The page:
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ERIC Number: EJ879332
Record Type: Journal
Publication Date: 2010
Pages: 8
Abstractor: ERIC
Reference Count: N/A
ISBN: N/A
ISSN: ISSN-1539-9664
The Phony Funding Crisis
Guthrie, James W.; Peng, Arthur
Education Next, v10 n1 p12-19 Win 2010
If one relies on newspaper headlines for education funding information, one might conclude that America's schools suffer from a perpetual fiscal crisis, every year perched precariously on the brink of financial ruin, never knowing whether there will be sufficient funding to continue operating. Budgetary shortfalls, school district bankruptcies, teacher and administrator layoffs, hiring and salary freezes, pension system defaults, shorter school years, ever-larger classes, faculty furloughs, fewer course electives, reduced field trips, foregone or curtailed athletics, outdated textbooks, teachers having to make do with fewer supplies, cuts in school maintenance, and other tales of fiscal woe inevitably captivate the news media, particularly during the late-spring and summer budget and appropriations seasons. Yet somehow, as the budget-planning cycle concludes and schools open their doors in the late summer and fall, virtually all classrooms have instructors, teachers receive their paychecks and use their health plans, athletic teams play, and textbooks are distributed. Regrettably, this story is seldom accorded the same media attention as are the prospects of budget reductions and teacher layoffs. For a variety of reasons, from one year to the next, schools almost always have more real revenue for each of their enrolled students. For the past hundred years, with rare and short exceptions and after controlling for inflation, public schools have had both more money and more employees per student in each succeeding year. Teacher salaries have increased more than 42 percent in constant dollars over the past half century, while educators' working conditions, health plans, and retirement arrangements have become ever more commodious. Moreover, school-related revenues and employment levels have increased even when the economy (as measured by Gross Domestic Product or GDP) turned down, unlike what typically happens in sectors such as manufacturing and retail sales, where recessions trigger cutbacks in personnel and profits. Now, local school funding is apparently more secure than ever before. For the first time in history, the federal government has assumed a dramatic new school-funding role, that of banker of last resort, providing stopgap revenues to the nation's schools during economic downturns. The Obama administration's unprecedented injection of billions in federal funding for schools likely ensures that education's resource cushion will continue for at least the current downturn and possibly for much longer. (Contains 5 figures.)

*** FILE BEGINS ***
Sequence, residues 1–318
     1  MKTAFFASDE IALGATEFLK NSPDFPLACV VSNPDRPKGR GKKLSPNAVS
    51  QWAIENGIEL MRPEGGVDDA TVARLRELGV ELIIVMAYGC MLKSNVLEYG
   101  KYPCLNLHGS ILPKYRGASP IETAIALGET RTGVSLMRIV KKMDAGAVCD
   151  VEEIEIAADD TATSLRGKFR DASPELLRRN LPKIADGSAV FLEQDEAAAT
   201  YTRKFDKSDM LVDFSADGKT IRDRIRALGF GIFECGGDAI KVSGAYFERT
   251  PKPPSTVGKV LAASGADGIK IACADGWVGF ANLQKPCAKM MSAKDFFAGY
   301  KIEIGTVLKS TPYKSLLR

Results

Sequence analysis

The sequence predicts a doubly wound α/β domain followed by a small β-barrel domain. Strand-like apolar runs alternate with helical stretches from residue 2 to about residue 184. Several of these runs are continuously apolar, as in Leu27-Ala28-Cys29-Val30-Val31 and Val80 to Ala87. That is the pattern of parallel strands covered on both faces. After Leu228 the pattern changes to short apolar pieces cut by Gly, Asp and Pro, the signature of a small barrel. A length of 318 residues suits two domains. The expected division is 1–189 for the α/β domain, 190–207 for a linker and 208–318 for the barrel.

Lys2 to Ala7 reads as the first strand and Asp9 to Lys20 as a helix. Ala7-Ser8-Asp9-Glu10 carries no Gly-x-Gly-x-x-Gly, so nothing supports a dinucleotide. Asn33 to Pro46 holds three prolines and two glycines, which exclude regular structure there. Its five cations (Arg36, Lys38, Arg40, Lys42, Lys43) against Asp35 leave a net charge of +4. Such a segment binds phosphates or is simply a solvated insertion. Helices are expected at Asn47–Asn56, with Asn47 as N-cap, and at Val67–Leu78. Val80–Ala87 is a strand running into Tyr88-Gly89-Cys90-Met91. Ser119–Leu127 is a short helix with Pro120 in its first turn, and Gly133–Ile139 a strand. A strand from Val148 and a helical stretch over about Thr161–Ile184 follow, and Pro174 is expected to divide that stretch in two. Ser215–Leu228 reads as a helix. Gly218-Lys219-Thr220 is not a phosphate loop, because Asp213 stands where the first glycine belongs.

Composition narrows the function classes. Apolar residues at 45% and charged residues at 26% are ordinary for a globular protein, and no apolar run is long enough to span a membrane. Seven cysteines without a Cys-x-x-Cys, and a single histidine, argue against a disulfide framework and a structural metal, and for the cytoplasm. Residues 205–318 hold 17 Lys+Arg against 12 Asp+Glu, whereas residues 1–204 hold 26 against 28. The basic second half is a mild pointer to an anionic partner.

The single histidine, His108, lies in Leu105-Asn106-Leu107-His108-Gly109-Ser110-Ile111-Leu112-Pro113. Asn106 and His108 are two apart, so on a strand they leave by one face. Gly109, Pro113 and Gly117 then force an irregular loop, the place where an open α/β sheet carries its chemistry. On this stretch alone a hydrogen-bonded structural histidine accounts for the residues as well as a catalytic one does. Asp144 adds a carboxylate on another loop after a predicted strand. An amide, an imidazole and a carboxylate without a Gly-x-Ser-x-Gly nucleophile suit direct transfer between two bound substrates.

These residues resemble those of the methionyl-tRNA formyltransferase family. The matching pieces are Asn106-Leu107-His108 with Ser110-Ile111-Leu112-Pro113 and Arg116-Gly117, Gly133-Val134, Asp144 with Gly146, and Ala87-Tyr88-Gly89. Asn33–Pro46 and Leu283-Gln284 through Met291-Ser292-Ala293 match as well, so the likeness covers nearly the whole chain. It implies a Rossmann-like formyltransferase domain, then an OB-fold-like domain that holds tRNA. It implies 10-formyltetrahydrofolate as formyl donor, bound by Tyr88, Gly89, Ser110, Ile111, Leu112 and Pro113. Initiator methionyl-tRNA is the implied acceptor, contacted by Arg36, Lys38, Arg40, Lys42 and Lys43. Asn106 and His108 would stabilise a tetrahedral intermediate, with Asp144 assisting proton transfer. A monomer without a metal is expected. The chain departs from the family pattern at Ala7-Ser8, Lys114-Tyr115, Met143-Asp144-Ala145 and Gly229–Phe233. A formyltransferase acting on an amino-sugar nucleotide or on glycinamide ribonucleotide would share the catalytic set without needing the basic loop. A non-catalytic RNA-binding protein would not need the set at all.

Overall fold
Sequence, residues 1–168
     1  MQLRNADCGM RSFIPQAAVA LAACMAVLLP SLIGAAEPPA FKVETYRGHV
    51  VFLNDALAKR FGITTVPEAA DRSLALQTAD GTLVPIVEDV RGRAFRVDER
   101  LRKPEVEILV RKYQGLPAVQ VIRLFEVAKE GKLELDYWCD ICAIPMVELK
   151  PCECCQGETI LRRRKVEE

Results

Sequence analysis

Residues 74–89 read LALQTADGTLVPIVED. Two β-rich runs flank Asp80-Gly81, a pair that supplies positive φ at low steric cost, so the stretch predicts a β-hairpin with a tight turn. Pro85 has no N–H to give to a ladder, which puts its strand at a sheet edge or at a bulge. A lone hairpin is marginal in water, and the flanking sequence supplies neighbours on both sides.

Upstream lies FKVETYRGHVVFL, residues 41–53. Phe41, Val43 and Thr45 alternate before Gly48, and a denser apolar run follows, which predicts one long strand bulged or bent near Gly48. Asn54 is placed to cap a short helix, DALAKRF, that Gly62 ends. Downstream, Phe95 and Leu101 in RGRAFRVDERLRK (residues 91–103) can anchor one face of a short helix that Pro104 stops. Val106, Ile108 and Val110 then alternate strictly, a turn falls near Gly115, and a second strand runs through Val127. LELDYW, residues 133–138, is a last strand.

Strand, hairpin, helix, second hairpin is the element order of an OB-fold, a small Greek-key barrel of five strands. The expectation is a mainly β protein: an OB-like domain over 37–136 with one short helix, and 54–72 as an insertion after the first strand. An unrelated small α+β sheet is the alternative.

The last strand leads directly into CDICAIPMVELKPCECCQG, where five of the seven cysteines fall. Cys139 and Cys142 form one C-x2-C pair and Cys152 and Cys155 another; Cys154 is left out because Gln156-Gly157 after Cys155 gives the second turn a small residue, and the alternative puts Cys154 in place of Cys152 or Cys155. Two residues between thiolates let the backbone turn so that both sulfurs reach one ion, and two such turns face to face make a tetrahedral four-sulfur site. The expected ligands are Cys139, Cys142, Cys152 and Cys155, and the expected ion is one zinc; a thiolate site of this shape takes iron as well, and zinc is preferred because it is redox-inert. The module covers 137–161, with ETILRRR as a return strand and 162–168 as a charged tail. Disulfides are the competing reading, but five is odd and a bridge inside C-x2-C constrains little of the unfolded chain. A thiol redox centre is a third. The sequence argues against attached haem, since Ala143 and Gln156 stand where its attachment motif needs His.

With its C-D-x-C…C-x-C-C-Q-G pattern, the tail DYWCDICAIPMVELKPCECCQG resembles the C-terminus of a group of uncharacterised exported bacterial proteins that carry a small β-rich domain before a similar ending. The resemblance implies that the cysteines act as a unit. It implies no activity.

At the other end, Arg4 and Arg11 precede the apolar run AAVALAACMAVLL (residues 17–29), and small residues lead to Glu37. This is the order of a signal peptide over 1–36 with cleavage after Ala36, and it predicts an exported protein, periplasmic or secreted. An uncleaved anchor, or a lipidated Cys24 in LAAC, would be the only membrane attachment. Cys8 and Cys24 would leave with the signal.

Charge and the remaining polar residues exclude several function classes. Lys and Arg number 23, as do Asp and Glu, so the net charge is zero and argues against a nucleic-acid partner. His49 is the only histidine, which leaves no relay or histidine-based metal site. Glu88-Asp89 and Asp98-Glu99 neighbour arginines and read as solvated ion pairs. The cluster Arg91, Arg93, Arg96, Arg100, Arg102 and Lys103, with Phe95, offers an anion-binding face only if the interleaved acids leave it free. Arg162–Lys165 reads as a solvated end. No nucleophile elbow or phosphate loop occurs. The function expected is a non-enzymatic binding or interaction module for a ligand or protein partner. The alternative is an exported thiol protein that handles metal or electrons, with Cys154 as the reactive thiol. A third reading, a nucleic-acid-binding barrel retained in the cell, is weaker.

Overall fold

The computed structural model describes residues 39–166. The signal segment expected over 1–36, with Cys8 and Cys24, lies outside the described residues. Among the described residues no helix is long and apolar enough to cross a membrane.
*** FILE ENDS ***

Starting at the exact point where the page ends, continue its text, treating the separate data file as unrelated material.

Hoover Institution. Stanford University, Stanford, CA 94305-6010. Tel: 800-935-2882; Fax: 650-723-8626; e-mail: educationnext@hoover.stanford.edu; Web site: http://www.hoover.org/publications/ednext
Publication Type: Journal Articles; Reports - Descriptive
Education Level: Elementary Secondary Education
Audience: N/A
Language: English
Sponsor: N/A
Authoring Institution: N/A
Identifiers - Location: California
Identifiers - Laws, Policies, & Programs: Elementary and Secondary Education Act; No Child Left Behind Act 2001; Proposition 13 (California 1978)